Following Ian's example, I've started reading and posting to the Leica forums, the mother-lode of Leica otaku madness.

I sort of knew this, but it's clear now. Leicaism isn't really about wanting a "better" camera. It's an excessive obsessive syndrome.

I got my SwiMP3 a few days ago and have used it three times so far. I had been using Dolphin mp3 player recently.

They are very different devices. Both of them mount as an external drive on my Mac and both only play mp3. (No iTunes music store for you!) The Dolphin has earbuds that double as ear plugs, but the rubber buds tend to fall off and I've almost lost them a few times. The SwiMP3 uses bone conduction. The bone conduction works fairly well, but is weak on the high-end compared to the Dolphin. The SwiMP3 also tends to be audible from the outside when you have it jacked up enough to groove to.

One other problem I've had is that Japanese pools tend to be more crowded and stuffy about things like no-jewelry rules and caps. I have a feeling I'm going to be told that I can use them. So far I've been sneaking them in.

Overall, the experience of listening to music in the pool is relaxing and fun. However, it does sort of distract me when I'm trying to focus on fixing my stroke.

Has anyone tried any of the other under-water music players for swimming?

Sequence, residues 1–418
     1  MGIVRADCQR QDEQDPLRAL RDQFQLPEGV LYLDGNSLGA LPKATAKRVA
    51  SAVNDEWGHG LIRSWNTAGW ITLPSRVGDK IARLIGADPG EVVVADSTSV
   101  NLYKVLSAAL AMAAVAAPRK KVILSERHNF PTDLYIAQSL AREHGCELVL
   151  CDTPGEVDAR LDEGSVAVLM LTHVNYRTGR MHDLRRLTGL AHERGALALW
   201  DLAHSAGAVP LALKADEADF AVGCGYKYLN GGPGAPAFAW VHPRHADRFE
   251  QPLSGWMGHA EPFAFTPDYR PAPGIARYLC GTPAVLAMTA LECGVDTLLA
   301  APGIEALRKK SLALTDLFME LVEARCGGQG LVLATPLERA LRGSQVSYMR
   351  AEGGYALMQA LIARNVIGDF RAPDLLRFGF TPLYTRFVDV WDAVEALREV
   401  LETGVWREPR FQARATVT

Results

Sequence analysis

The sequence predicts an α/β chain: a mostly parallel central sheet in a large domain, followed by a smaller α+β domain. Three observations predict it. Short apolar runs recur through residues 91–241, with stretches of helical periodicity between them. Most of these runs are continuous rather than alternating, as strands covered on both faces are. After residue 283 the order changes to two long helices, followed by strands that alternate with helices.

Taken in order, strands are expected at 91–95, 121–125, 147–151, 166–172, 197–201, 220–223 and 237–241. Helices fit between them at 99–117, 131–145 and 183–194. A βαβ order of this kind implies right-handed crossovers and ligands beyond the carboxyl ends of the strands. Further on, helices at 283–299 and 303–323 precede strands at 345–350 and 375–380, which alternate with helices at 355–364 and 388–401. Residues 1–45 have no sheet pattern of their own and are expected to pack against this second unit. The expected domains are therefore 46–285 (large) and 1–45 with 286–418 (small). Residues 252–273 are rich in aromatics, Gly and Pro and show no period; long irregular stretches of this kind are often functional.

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I have a stupid question... Is there a risk swimming in a pool in a country where the water is not potable or does the chlorine basically "clean" the water?

Ever since the OS X update, Aperture keeps crashing. Bah!

Mar 16 15:52:09 joi crashdump[4663]: Aperture crashed
I reinstalled it and ran a bunch of disk/directory repairs, but no go. I'm switching to Adobe Bridge.

UPDATE: Someone at Apple just told me that the patch I made to the system to get it to do M8 RAW is probably the problem causing the crashing. They also told me that Apple is working on M8 RAW support. Stay tuned!

I am visiting Mozilla today for a board meeting. After a few inquiries, I was able to track down Stuart Parmenter who is working on the color profile issue that I blogged about in my last post. The good news is that Stuart is a photo and color geek and has already figured this out and fixed it. (It is Bug 16769 in Bugzilla@Mozilla.) Firefox 3.0 will have a bunch of improvements including dealing with color profiles in images properly. There are a few more tests that are required, but it will soon be in the tree and should be available in the Alpha of Firefox 3.0.

Special thanks to Stuart for the tutorial on color!

UPDATE: Special special thanks to Tim Rowley who did most of the implementation part in Mozilla.

UPDATE 2: The fix should be in Alpha 4 of Firefox 3.0 not Alpha 3 that is coming out next in a week or two.

Conference pass for my M8